According to this invention, a substituted ethylene containing at least two fluorine atoms, preferably at least one fluorine atom per carbon atom of the aliphatic portion or the substituted ethylene, is polymerized in the presence of an aqueous-suspension medium under suitable conditions of temperature, pressure, residence time and promoting agent to produce a normally solid thermoplastic polymer. 7 The polymerization process of this, invention may be effected in either a batchwise or continuous manner. The monomer is admixed with the aqueoussuspension medium in a suitable polymerization zone which is maintained at the appropriate conditions of polymerization and under sufficient pressure to maintain the aqueous solution as a liquid under the conditions of polymerization. The monomer and water are agitated by suitable means in the reaction zone so as to intimately disperse the monomer and aqueous-suspension medium. The monomer and polymer are substantially insoluble in the aqueous dispersion medium. The separation of thepolymer from the water phase may be effected by settling and decantation, by filtering, by centrifuging, by evaporation, or by various other conventional methods.
The present invention is particularly applicable to the polymerization of perfluorochloroolefins,such as trifluorochloroethylene. However, the invention contemplates the polymerization of various halogenated oleiins. For example, perfiuorobutadiene, perlluoropropene, phenyltrifiuoroethylene, alpha methyl phenyl difluoroethylene, perfluoroacrylonitrile, perfiuorostyrene, perfluorocyclobutene, perfluorocyclobutadiene, tetrafluoroethylene, vinylidene fluoride, trifluoroethylene and difiuorodichloroethylene. As previously mentioned, the invention applies to thempolymerization of these monomers, as well as their homopolymerization. For example, the invention applies to the copolymerization of trifluorochloroethylene and tetrafluoroethylene, of trifiuorochloroethylene and vinylidene fluoride, trifluorochloroethylene and vinyl fluoride, trifluorochloroethylene and vinylidene chloride, trifluorochloroethylene perfluoropropene, trifluorochloroethylene and trifiuoroethylene, and of perfiuorobu tadiene and perfluorostyrene. In these copolymerizations, the second monomer is also preferably a fluorinated olefin and preferably contains at least two fluorine atoms per molecule. When less than 5 weight percent comonomer is employed, the, polymerization is broadlyv included within the term homopolymerization. 1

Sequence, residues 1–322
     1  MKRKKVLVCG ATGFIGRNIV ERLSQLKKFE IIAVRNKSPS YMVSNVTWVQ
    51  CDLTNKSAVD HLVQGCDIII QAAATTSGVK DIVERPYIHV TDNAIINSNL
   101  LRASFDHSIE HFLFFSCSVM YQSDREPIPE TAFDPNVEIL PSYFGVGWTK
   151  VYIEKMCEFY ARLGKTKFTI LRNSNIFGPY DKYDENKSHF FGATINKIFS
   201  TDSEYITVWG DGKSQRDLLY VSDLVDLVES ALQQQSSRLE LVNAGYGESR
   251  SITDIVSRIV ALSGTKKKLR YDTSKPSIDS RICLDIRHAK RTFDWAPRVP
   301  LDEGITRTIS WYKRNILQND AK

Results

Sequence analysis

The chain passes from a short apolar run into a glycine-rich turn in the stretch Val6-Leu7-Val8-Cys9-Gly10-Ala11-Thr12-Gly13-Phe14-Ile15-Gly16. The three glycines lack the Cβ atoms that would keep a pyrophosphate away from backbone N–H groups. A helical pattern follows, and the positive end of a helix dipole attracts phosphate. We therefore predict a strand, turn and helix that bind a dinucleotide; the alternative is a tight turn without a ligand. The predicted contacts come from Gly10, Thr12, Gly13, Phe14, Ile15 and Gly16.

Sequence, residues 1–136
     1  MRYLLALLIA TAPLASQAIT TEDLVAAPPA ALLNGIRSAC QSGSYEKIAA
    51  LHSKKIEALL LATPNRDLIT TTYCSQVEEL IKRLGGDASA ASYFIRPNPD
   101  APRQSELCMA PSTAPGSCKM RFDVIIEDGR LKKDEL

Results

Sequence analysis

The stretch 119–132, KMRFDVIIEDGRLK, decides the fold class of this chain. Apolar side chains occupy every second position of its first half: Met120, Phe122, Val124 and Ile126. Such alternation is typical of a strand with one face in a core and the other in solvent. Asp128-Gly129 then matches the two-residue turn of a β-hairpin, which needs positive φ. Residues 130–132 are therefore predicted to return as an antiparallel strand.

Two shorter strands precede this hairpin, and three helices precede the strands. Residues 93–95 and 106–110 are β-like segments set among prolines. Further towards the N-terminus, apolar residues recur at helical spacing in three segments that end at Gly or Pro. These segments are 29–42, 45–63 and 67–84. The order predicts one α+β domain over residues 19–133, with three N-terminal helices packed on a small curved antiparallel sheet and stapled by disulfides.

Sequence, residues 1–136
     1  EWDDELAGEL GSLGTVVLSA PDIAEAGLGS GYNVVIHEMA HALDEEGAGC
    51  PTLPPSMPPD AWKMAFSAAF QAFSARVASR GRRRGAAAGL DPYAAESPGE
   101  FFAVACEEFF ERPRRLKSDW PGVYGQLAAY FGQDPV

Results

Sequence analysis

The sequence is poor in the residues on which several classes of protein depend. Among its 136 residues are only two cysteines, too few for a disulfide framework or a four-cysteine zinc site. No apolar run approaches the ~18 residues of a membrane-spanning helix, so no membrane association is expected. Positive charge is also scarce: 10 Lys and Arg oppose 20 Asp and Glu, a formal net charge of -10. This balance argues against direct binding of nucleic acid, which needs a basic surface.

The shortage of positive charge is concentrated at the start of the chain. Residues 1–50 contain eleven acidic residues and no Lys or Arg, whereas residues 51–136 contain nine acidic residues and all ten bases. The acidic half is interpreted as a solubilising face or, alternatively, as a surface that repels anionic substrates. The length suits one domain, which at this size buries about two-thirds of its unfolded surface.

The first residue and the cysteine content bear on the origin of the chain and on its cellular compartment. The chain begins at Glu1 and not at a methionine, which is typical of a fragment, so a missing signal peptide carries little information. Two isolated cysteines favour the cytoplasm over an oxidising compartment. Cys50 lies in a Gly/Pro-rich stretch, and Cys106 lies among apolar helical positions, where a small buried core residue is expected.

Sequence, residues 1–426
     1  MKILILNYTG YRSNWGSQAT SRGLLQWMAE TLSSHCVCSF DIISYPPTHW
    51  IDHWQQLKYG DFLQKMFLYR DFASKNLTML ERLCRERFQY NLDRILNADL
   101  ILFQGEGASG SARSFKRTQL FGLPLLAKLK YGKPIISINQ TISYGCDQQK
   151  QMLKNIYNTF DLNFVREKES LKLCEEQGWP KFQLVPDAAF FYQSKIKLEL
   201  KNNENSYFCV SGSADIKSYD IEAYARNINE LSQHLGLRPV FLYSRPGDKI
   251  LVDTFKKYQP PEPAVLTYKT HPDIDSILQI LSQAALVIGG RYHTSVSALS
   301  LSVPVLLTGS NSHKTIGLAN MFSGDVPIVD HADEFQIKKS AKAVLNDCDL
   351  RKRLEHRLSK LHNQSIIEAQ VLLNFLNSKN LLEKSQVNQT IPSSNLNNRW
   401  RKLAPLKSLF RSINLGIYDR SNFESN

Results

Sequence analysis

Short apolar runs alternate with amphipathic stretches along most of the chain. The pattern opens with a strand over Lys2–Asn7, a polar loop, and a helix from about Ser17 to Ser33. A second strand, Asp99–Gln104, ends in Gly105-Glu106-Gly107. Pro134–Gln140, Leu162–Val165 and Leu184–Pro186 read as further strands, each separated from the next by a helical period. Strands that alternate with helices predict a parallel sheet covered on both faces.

The quantity of water employed as the aqueous-suspension medium is usually between about-0.05 to about 10 times by-volume of, the quantity of total monomer present in the reaction zone. Preferably, the quantity of water is between one and five times the total monomer in the reaction zone.
The, temperature employed for the polymerization will depend toa certain extent'up'on the particular monomer being polymerized. While the temperature may be varied depending upon thetype of monomer, it is critical that the temperaure be maintained below about 20? C. Temtemperatures between about 8 C. and about 13 C. whil v a particularly-"suitable temperature'is about 10C; a
The time of polymerization also depends upon the monomerbeing polymerized, but in general, times between about 10 minutes and about 72 hours may be employed. A preferred polymerization time is between about and about 50 hours, usually 20 to 35 hours.
The aqueous phase type of polymerization for the above monomers usually requires a suitable promoting agent for effecting the polymerization in a reasonable length of time and to produce a polymer of the desired molecular weight. These promoting agents fall in three general classes; promoters, activators and accelerators. ln almost all instances, a promoter must be used. Such pro meters comprise the inorganic peroxides. Examples of suitable inorganic peroxides are the water soluble peroxides, such as the perborates, persulfates, perphosphates, percarbonates, barium peroxide, zinc peroxide. and hydrogen peroxide. Particularly valuable are the water soluble salts of the peracids, such as sodium, potassium, calcium, barium and ammonium salts of persulfuric and pcrphosphoric acids which may be prepared in the conventional manner by electrolytic oxidation of salts of the corresponding oxy acids. Suitable concentrations of the promoter lies within the range of 0.003 molar to about 0.1 molar. The exact quantity of promoter will depend upon the monomer, molecular weight of the polymer desired and the particular promoter being employed. For example, in the polymerization of trifluorochloroethylene to produce the solid polymer thereof having an N. S. T. above 220 C., a promoter concentration between about 0.003 and about 0.07 molar, or about 0.01 and about 2 percent by weight based on water, is preferred. Generally, the concentration is not higher than about 0.09 molar.